If there was ever an example of how much of a difference an election can make, head over to the Eastern Sierra Unified School District and talk to Mollie Nugent, the district’s chief financial officer.
“It’s allowed us to keep $191,000 that we would otherwise be deficit spending,” she said. “It means we don’t have to take things way from the students, the teachers at mid-year. It means we have options.”
“It’s a windfall,” said Superintendent Don Clark.
“We had budgeted as if it were not going to happen, so this is a windfall. It could bring our reserve to 30 percent and allow us to bring back staff, programs, depending upon what the district needs most.”
ESUSD is a small district, with schools scattered from Coleville to Benton to Lee Vining.
It has a student population of about 450 students this year and a budget of about $7.9 million, meaning $191,000 is no small hit.
When the state of California voted 53.9 percent to 46.1 percent to approve Prop. 30 Tuesday, it put into place a law that means everyone in the state will pay an extra quarter of a cent in sales tax for the next four years.
It will also increase income taxes on people making more than $250,000 a year for seven years.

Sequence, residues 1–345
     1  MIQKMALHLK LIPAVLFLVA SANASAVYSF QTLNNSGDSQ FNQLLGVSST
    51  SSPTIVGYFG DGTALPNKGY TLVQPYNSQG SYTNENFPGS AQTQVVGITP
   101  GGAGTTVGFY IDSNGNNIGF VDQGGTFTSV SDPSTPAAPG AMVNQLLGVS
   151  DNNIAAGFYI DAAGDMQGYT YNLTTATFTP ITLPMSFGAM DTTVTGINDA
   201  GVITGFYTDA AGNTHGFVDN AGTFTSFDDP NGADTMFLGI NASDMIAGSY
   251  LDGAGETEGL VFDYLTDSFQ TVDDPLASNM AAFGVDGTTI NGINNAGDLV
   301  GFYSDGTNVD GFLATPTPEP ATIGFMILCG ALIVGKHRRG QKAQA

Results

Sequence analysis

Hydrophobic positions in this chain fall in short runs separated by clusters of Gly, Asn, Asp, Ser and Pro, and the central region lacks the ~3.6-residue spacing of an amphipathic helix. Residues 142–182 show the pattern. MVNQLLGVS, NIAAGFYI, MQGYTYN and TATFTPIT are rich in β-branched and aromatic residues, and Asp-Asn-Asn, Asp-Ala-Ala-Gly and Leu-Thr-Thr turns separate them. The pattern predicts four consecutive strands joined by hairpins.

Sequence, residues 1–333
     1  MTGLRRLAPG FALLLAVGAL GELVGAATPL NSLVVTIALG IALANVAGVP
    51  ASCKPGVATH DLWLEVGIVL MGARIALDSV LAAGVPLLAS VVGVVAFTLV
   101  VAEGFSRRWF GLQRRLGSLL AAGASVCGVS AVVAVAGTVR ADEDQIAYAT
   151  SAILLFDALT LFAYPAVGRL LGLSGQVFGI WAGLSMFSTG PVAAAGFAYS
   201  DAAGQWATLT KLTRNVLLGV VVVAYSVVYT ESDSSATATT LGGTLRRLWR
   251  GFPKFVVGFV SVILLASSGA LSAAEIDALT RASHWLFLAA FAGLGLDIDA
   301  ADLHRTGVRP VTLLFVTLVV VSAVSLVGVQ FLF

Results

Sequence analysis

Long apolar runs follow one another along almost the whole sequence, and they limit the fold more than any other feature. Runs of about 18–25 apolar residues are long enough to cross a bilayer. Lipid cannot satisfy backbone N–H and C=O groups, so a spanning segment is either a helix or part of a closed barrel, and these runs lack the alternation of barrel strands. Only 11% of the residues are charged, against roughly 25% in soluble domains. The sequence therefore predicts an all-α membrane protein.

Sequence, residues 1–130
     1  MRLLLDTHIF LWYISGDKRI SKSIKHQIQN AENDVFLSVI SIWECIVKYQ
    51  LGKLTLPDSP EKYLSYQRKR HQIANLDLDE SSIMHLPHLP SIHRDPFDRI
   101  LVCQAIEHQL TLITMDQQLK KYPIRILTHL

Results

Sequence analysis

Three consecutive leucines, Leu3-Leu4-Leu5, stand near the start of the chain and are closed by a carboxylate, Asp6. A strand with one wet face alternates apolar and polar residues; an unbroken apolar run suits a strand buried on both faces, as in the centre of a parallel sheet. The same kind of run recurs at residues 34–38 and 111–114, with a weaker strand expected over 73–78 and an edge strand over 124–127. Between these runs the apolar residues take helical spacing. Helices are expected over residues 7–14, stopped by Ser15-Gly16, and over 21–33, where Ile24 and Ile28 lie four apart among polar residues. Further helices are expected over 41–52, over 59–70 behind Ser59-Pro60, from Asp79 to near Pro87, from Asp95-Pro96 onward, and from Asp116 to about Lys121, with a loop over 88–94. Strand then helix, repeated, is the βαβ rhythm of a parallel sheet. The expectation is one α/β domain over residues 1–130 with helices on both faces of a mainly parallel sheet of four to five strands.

On Wednesday, Nugent and everyone in education breathed a huge sigh of relief. All of that money will be funneled to education—not to increase funding to schools overall, but to offset billions of dollars in cuts already made in the past to education.
Even with Prop. 30 passing, however, it doesn’t mean the district is flush.
The district chopped classes, teachers, extracurricular activities and transportation two years ago and has been operating on an austerity budget since.
This year, like its sister district in Mammoth, Mammoth Unified, which was poised to be hit with a $500,000 cut in January if Prop. 30 failed, ESUSD cut the school year down to 175 days—adding five mandatory furlough days.
Although things have been slowly turning around—with property taxes finally increasing last year instead of decreasing and delayed tax revenues from the sale of Mammoth Mountain finally coming in last year—the district, like all school districts, is always braced for incoming budget cut missiles from the state.
Prop. 30’s passage was the first good news from the state in years, and Nugent said he is looking forward to some of the advantages the windfall will bring.
“We are heading out into the communities in the coming weeks, to each site, to see what their priorities are, and to begin making decisions about how to operate,” she said.
If the election had been held in the North County district the proposition will help, it would not have passed.
Almost every North County precinct, including Bridgeport, Antelope, June Lake, Chalfant, and Benton, did not support the proposition, denying it with a 3-1 average.
Only Lee Vining bucked the trend, joining Mammoth Lakes and all of the South County precincts to pass the proposition.
In fact, Mono County and Alpine County were the only counties besides West Coast counties and a few Southern California counties that passed the proposition, according to the Los Angeles Times.
“We are glad it passed in Mammoth,” Nugent said. “I just wish it would have had more county-wide support.”